Two Ukrainian reformers learning to lead with authenticity and grit
When Russia launched a full-scale invasion of Ukraine on 24 February, like many other Ukrainians, Nadia Kobyliak and Oksana Lesyk were determined to stand with their countrymen and women. The two women, both public sector project managers working on civil and corporate governance reforms at some of Ukraine’s 3,500 State-Owned-Enterprises (SOEs) and its public institutions, divided their time between helping their families, their local communities and colleagues fleeing Kyiv, and ensuring that the country kept moving towards reform.
“We were forced to demonstrate our courage and our professionalism to the whole world as we continued to work to keep Ukraine’s infrastructure running smoothly,” said Oksana Lesyk, Senior Project Manager for the Reform Support Team (URA) at Ukraine’s Ministry of Infrastructure. Her work, at the forefront of reforming Ukraine’s public institutions, was dovetailed with supporting her local community during the invasion’s early days.
However, for Lesyk February’s events also acted a catalyst to grow and improve professionally.
“I started to look at my personal and professional development from a different angle. I asked, what I could do for myself; how could I be more efficient and a better team leader overall?,” she said.
Through colleagues who had studied at IMD, Lesyk was made aware of IMD’s Mobilizing People Program. She realized it was what she had been looking for: the chance to develop her own approach to leadership and team management.
Learning to lead in her own style
Meanwhile, Nadia Kobyliak fled Kyiv to western Ukraine, where her parents live. Over the next few weeks, she helped to accommodate her co-workers who arrived in the city and stepped up to manage the team while the company’s director focused on relocating colleagues to safety.
During that time, she started to feel pressured by expectations to adopt a set of behaviors she wasn’t totally comfortable with. A short while later, when a friend sent her a link to IMD’s Strategies for Leadership program, the opportunity to learn how to uncover her most authentic and effective leadership style immediately appealed.
“The first thing that struck me was the phrase ‘find your own path to leadership’,” she said. “When you are not authentic, you expend a lot of energy pretending and it doesn’t make you effective, especially in these crisis situations.”
The two women were enabled to attend their preferred programs thanks to the IMD alumni-funded scholarship, Empowering Women in Leadership through Executive Education, which supports exceptional women who excel in their careers – particularly those who cannot afford a top-tier business education. For Kobyliak and Lesyk, the opportunity to devote some time to focus on their own needs, while also managing continuing crises, was invaluable.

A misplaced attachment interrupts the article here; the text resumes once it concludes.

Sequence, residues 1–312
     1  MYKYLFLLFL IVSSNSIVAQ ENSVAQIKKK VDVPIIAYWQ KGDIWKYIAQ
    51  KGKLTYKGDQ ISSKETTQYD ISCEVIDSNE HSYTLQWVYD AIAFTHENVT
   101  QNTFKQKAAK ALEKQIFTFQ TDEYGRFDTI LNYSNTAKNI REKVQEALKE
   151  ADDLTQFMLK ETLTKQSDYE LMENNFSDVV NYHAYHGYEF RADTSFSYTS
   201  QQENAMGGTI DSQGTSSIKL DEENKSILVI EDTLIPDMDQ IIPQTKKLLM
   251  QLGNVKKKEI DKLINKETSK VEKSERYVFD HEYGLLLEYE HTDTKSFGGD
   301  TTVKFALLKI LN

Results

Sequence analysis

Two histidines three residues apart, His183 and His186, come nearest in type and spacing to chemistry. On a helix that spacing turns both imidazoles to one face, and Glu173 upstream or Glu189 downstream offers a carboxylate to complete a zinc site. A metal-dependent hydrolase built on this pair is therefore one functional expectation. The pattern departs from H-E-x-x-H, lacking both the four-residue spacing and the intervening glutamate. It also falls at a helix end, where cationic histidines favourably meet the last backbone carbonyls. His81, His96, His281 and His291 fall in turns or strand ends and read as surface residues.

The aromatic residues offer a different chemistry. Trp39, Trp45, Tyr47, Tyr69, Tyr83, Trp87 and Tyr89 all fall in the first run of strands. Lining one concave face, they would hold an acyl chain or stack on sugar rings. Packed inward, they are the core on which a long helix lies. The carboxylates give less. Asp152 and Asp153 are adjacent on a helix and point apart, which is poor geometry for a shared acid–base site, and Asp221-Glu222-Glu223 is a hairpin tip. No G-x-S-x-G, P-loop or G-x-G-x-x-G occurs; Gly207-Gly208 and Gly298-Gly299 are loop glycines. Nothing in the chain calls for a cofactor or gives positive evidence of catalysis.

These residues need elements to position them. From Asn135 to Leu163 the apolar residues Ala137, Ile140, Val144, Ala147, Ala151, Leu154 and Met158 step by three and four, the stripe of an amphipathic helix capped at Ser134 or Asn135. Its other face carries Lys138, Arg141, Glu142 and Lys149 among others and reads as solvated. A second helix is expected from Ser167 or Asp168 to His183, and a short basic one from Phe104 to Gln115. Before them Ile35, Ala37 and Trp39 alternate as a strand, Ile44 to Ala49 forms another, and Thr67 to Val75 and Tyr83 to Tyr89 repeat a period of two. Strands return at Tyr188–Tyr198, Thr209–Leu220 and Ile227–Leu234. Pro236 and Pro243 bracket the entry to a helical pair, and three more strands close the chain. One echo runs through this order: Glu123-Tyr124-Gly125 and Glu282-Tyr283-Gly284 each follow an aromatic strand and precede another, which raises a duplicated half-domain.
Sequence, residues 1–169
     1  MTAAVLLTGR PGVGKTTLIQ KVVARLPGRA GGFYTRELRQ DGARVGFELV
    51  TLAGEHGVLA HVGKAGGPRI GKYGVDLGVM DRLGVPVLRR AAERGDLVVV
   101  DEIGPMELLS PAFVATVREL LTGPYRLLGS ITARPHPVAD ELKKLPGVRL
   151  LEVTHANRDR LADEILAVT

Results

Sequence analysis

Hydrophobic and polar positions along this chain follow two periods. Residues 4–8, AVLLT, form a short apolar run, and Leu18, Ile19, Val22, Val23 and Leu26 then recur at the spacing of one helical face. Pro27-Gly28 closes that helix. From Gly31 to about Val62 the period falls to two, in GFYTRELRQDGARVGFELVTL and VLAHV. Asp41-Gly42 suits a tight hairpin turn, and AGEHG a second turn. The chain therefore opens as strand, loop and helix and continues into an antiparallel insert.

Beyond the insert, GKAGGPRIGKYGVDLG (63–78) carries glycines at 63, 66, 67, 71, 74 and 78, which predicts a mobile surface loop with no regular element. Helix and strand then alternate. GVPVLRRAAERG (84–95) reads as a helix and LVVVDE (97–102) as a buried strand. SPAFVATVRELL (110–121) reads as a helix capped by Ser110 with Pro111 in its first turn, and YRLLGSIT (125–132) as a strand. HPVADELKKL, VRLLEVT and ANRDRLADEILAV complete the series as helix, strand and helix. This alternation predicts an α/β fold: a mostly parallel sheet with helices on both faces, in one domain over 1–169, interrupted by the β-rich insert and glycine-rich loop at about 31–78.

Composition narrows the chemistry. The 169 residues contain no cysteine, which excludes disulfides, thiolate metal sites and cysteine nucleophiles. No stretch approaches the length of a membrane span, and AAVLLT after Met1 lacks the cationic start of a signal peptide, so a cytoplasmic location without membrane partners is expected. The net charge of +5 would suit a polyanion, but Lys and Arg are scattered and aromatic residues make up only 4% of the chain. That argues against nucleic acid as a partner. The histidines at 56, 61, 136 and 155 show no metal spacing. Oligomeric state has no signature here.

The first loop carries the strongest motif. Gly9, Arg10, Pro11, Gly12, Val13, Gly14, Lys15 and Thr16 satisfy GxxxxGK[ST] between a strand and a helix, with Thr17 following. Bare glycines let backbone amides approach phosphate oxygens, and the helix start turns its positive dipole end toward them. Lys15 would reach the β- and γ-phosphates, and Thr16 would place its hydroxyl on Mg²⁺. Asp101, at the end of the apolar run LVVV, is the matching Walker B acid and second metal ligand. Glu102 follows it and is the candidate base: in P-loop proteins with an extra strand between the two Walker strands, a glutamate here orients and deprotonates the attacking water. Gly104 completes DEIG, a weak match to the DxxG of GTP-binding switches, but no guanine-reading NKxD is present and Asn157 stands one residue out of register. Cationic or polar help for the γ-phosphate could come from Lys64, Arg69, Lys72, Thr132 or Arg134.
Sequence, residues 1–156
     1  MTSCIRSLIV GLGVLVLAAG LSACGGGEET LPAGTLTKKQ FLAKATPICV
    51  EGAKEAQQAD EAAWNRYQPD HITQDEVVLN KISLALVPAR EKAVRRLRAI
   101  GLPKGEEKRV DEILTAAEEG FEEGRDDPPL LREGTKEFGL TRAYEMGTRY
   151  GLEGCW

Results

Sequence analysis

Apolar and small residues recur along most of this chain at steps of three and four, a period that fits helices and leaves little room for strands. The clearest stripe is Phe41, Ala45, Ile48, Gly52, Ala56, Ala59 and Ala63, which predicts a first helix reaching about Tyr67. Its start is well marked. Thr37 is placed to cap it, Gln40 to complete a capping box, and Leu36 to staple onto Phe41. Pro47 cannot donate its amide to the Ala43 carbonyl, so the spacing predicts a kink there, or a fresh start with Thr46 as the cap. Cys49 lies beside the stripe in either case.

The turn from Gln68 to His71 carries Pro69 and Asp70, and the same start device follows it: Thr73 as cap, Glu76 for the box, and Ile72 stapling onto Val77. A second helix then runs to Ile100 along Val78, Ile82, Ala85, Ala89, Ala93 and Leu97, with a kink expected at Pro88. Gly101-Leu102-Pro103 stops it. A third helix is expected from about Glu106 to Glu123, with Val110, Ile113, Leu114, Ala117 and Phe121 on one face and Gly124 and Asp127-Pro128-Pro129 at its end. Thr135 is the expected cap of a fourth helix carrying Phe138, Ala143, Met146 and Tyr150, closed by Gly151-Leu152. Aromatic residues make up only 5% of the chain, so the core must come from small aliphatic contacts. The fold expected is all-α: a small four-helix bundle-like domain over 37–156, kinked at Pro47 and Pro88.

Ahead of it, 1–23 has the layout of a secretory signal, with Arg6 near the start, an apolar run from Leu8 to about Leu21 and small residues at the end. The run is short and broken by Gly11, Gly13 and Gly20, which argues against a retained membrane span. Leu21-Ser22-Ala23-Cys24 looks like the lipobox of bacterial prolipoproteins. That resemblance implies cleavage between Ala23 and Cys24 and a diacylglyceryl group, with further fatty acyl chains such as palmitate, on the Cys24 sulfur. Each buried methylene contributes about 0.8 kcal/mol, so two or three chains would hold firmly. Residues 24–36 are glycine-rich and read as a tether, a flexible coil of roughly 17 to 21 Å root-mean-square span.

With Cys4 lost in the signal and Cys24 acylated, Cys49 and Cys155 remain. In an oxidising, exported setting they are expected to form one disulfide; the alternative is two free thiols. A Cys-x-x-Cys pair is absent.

“I realized that there isn’t only one style of leadership. I can have my own style,” said Kobyliak.
Cracking down on corruption
Both Lesyk and Kobyliak work at the forefront of Ukraine’s ongoing development as a reliable civil and business environment. Lesyk’s role at the Ukraine Reforms Architecture (URA) program is aimed at reinforcing public infrastructure and institutions to create transparency and trust and is a joint project with the European Union and European bank of Reconstruction and Development (EBRD).
Meanwhile, Kobyliak, a qualified accountant, cooperates closely with Ukraine’s government and international organizations, including the EBRD and the OECD, to upgrade the governance of Ukraine’s SOEs and make it easier for them to achieve better results, fight corruption and attract cheaper and longer-term credit. The ultimate aim is to enable the securities of SOEs to be publicly traded, giving a boost for domestic financial markets.
Since returning to her job following the IMD leadership program, there have been a lot of organizational changes, giving Kobyliak the space to experiment with her style of leadership. While previously she was head of a stream, she now works across multiple projects which demand different types of leadership according to the role.
“The program taught me the importance of speaking up. Now I do it more often and it has worked out well for me in a lot of situations,” she said, expressing her gratitude to all IMD donors who made it possible for her to attend the program. “It was a glimpse of light at the end of the tunnel when it was needed.”
Eyes on the prize
Lesyk’s experience of the two-week course was, she said, exactly what she needed during a time of great uncertainty and loss.
“It was a great opportunity and a very intense period in terms of learning and developing. The mentors were really supportive, and I remain in touch with them even now. The most valuable experience was to open myself for myself and the biggest most relevant insight was to put a safety mask on yourself first, and then to help others. It sounds so easy, but it’s difficult in times of extreme uncertainty,” she said.
The current war has only focused her motivation and that of her colleagues, she said, adding that the country’s gaze rests on its future success.
“Ukraine’s public institutions, businesses, and civil society leaders and all our international partners are actively working on the country’s recovery plan. We will never be the same, it is true. But our communities are stronger, and they have a clearer vision on our priorities,” she said.